Contemporary new ghost story, 2.22, comes to The Alhambra where Leo Owen caught the show

Although William Shakespeare famously dabbled with the supernatural, tales of horror are still scarce on the stage. Successful theatrical ghost stories seem to favour historic settings, making Danny Robins’ new play especially noteworthy. Robins is known for The Battersea Poltergeist that has been heralded the top global drama podcast, prompting a Hollywood bidding war for the rights.

2.22 marks Robins’ West End debut, strikingly opening in a contemporary setting as new mum, Jenny, (Fiona Wade) decorates her kitchen diner. Preparing for the arrival of dinner guests, her baby monitor crackles and gurgles in the background as new-born, Phoebe, slumbers. Returning from a work trip, her husband, Sam (George Rainsford) greets old university friend, Lauren (Vera Chok), and her new boyfriend, Ben (Jay McGuiness). What follows is a truly disastrous dinner party.

A red digital clock races through time both before and during the play, cleverly heightening the tension after we discover footsteps and a man crying have been heard in the nursery at precisely 02.22 on consecutive nights. Robins turns the whodunit on its head after Phoebe’s teddy bear is discovered drenched in white spirit and his characters embark on a dangerous quest, sitting vigil until 02.22. Sam, the sceptic is quizzed by his more open-minded wife and guests, prompting some interesting and lightly comic theorising as to why ghosts haunt specific spots and are always seen clothed.

Robins’ characters are convincingly-written, pitting Sam as the villain, judgemental and curt, dominating talk with the unpleasant sarcastic quips he fires out. University bestie, Lauren, works in mental health, downing drinks and pill-popping on the sly, amidst very astute observations. Meanwhile Ben, is perhaps the most endearing, enduring Sam’s mockery after he reveals he believes he’s been reincarnated and previously lived during the French Revolution. Sam’s class and scientific background make Ben the perfect foil, as someone with experiences of seances and exorcism who originally heralded from the neighbourhood before its regeneration.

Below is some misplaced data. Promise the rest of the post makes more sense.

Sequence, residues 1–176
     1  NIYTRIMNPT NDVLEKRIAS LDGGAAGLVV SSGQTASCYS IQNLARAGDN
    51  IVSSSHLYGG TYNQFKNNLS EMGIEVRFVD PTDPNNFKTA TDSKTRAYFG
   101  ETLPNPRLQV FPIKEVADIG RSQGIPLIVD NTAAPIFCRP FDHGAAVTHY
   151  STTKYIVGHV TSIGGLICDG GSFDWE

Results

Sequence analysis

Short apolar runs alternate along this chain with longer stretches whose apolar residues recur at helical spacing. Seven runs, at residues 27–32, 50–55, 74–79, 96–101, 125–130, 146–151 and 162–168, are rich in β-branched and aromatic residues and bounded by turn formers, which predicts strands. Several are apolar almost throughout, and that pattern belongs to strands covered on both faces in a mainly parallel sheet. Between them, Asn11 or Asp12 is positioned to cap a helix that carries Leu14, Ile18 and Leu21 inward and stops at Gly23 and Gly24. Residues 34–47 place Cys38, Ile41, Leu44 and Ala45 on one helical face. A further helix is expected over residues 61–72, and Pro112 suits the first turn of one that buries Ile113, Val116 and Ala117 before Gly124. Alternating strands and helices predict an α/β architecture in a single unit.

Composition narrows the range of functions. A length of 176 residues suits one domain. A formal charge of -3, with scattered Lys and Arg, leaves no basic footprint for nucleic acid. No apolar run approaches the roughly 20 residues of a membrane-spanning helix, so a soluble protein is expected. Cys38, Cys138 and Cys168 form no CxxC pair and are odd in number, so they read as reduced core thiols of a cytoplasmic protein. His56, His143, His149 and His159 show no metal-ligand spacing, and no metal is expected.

Director, Matthew Dunster, provides plenty of jumps by suddenly going to black to punctuate time shifts with a garish neon red light framing the stage. Additional accompanying scream sound effects become increasingly comical through the production, putting the audience in a state of nervous hilarity, in keeping with Robins’ script that’s heavily peppered with humour, the best perhaps achieved courtesy of Alexa’s misunderstandings. Ian Dickinson’s sound complements this nicely, moving between manic electronica and brooding Massive Attack tracks.

Robins has clearly studied his genre, including motion sensitive lights, fox screams and stormy weather to intensify the already unnerving atmosphere. His sharp dialogue ricochets between characters as the tension mounts and relationships derail. 2.22 is sure to be a hit, filling a theatrical void like his “ghosts fill the gaps”. Although a final jump scream makes a mockery of what should have been a poignant end, audiences are in for a treat and a Hollywood adaptation is likely to ensue.

2.22 showed at The Alhambra from May 28th-June 1st before continuing its UK tour: